Why I'm Glad My Ex Stopped Paying Child Support

Last May, the $3000 in child support I had received every month for the past eight years stopped. Instead of feeling angry, I felt relieved.
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Last May, the $3000 in child support I had received every month for the past eight years stopped. My ex-husband, who is independently wealthy and works sporadically, legally modified support so he no longer pays a dime. After years of worrying that this day might come ("How will I manage raising two kids on my piddly salary?!"), I surprised myself.

Instead of feeling angry, I felt relieved.

Yes, really. When child support evaporated, so did the psychic burden of being beholden to my ex. My ex deeply resented paying child support. So every month, I had to grovel for it. And endure the dog-ate-my-homework excuses for why it was late.

He was out of town.

He had to transfer money between accounts.

He disagreed with my accounting of our split of the kids' medical expenses.

He never got my e-mail reminding him that child support was due.

He got the e-mail, but he couldn't read the font.

The power play that had destroyed our marriage insinuated itself into our child-support arrangement. My ex tried to orchestrate everything that went on in my house, from what I packed in the kids' lunchboxes to how I cut their hair. When I reminded him that I was our children's mother, and not their au pair, and that it was unreasonable to demand, for instance, that I redecorate our son's room according to his wishes, he would bellow via e-mail: "That's what I pay you for!"

When I asserted myself, he turned the financial screws. He stopped paying me the additional $300 of court-ordered monthly childcare costs. He chiseled small amounts -- $20 here, $50 there -- off the monthly support figure.

So I often acquiesced to his demands because I was afraid he would withhold money. When he refused to pay the monthly $300 in childcare costs, I didn't take him to court. His income was erratic and his lifestyle was subsidized by a family trust. If I pushed the childcare issue, I knew he could try to modify support and I could end up with nothing. He knew I knew this, so he felt free to toy with our financial judgment.

Being on the receiving end of his fiduciary hi-jinks left me feeling exhausted, bitter, and disempowered.

Last summer, it became clear that my teenage son needed to live with his dad full-time. I expected child support to drop to reflect the change in physical custody. But I still had my daughter the majority of the time so I also expected to receive something.

Long story short: My ex's five-figure monthly distribution from his family trust "mysteriously" vanished, as did the income from his rental properties. A vocational exam imputed him with roughly the same earning potential that I was making from my full-time job. I knew he was hiding money, but I couldn't afford to prove it in court. So I settled.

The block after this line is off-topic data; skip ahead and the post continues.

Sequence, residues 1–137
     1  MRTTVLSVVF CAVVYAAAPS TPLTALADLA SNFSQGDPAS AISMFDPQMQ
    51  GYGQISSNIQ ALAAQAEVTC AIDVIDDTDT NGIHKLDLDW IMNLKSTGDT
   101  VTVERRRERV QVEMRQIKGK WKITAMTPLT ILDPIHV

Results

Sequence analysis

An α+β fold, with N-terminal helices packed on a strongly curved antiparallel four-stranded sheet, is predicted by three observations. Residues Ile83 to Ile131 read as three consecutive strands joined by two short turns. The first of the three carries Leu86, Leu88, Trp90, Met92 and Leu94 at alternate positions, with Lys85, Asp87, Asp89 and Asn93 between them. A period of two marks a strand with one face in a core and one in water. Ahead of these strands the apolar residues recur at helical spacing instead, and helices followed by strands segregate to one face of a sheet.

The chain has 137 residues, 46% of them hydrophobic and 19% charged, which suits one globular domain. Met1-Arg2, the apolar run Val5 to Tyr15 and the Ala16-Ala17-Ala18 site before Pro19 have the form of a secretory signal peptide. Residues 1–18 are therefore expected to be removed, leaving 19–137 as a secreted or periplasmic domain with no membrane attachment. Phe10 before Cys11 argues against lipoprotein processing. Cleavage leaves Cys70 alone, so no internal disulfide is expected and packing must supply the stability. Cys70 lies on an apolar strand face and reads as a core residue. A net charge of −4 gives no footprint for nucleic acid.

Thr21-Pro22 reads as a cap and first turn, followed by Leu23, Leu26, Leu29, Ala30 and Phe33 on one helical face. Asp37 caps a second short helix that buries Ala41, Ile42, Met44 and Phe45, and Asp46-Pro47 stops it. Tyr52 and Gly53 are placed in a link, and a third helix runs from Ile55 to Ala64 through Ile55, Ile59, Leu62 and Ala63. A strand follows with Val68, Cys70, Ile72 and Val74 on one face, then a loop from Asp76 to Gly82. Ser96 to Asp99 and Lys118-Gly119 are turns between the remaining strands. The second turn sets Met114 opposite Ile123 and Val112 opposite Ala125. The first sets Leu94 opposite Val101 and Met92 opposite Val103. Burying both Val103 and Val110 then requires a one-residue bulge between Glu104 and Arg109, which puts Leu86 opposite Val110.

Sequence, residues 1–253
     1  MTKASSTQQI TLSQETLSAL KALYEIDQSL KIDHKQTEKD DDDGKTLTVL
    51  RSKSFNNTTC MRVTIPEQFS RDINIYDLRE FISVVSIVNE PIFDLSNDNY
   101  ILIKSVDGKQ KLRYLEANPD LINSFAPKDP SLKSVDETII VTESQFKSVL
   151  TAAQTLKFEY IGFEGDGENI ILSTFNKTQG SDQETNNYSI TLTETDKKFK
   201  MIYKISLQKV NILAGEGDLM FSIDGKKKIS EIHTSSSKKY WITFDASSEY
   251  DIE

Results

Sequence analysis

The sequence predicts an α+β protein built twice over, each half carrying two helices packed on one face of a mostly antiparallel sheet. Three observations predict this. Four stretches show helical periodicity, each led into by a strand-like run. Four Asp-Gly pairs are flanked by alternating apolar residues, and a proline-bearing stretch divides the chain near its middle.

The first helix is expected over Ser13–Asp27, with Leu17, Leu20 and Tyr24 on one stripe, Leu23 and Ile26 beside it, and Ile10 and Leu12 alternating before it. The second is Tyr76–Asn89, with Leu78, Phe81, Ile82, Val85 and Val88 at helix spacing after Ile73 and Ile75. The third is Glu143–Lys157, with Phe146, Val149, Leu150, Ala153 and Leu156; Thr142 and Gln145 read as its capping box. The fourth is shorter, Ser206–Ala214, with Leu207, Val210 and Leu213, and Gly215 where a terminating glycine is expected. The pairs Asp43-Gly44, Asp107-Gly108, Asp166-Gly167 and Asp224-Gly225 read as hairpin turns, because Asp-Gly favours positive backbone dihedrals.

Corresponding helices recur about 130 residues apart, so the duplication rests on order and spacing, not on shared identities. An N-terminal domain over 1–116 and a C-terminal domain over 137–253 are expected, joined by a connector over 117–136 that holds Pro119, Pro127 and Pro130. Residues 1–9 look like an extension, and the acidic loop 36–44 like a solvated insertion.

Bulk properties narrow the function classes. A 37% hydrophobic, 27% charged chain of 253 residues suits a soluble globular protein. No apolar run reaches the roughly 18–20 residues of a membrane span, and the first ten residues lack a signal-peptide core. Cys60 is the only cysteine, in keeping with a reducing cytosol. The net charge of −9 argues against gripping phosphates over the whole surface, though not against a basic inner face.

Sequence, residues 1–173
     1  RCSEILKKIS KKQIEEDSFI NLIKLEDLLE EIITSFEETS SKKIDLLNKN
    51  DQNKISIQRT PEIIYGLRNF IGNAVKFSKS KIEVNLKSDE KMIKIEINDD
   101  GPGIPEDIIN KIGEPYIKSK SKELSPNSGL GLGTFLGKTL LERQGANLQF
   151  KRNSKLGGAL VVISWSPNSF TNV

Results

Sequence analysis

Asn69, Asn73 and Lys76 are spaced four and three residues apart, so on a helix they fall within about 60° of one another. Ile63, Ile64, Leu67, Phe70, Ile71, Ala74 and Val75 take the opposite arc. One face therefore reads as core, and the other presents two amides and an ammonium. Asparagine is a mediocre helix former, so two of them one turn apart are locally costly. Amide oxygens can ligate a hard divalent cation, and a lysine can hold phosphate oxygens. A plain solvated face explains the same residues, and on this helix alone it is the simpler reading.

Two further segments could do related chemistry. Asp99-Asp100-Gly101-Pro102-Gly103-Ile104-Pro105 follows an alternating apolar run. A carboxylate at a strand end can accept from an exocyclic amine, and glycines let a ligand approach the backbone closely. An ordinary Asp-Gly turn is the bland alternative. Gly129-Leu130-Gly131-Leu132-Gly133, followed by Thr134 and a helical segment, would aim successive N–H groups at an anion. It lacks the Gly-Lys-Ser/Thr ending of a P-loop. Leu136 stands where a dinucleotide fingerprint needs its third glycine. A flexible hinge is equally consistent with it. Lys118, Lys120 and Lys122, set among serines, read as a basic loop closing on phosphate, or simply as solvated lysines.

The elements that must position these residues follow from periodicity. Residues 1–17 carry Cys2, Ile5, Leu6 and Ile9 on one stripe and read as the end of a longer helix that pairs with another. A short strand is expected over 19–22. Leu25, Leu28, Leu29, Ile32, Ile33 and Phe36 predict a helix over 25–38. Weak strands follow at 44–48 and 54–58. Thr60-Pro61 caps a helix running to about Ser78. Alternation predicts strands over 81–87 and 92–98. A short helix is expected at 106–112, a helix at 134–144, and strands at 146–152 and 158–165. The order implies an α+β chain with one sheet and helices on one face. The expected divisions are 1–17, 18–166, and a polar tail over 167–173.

I agreed to zero child support.

Before I signed off on the current financial settlement, however, I was consumed with the unfairness of it all. It was unfair that my ex had been able to keep both our houses when we split up!

It was unfair that he now could claim he had no money -- yet simultaneously put a pool in his backyard and take a trip to the French Riviera when my current husband and I were struggling to cover our monthly nut!

It was unfair that he sued me for our son's private-school expenses when I had told him I could not, and would not, pay for private school!

Well, you know what? Life is unfair, but family law is a zillion times more unfair. It is ambiguous and full of loopholes. Every judge is different, and you are massively screwed if you end up with one who is biased. The only thing that is certain in family court is that the ex with the deepest pockets and the least quenchable thirst for battle wins.

But when the ultimate in unfairness happened, and child support vanished, so did my feelings of disempowerment. The emotional weight of fighting for child support was lifted off my shoulders. I was no longer hemorrhaging mental energy feeling bitter and angry. After eight years of being psychologically entangled with my ex, I had unknotted myself. Finally, I started to feel divorced.

Let me be clear: I believe it is the ethical obligation of the wealthier spouse to pay child support. I am in no way advocating that divorced moms -- or in some cases, dads -- merrily forgo those payments. Many single parents are neck-deep in debt, and for them, losing monthly support invites despair, not relief.

I'm fortunate to have a full-time job and to be remarried to someone with a strong work ethic. Even so, my husband's business has been hammered by the economy this year. I'm nervous enough about paying the mortgage, never mind coughing up dough for my daughter's braces and tutoring. I sometimes catch myself feeling wistful for those years when I received child support.

So I remind myself that those were years I spent groveling for child support.

And then I feel grateful when the first of the month rolls around ... and the check doesn't arrive in the mail.

An earlier version of this piece ran on Lee Block's Post-Divorce Chronicles.

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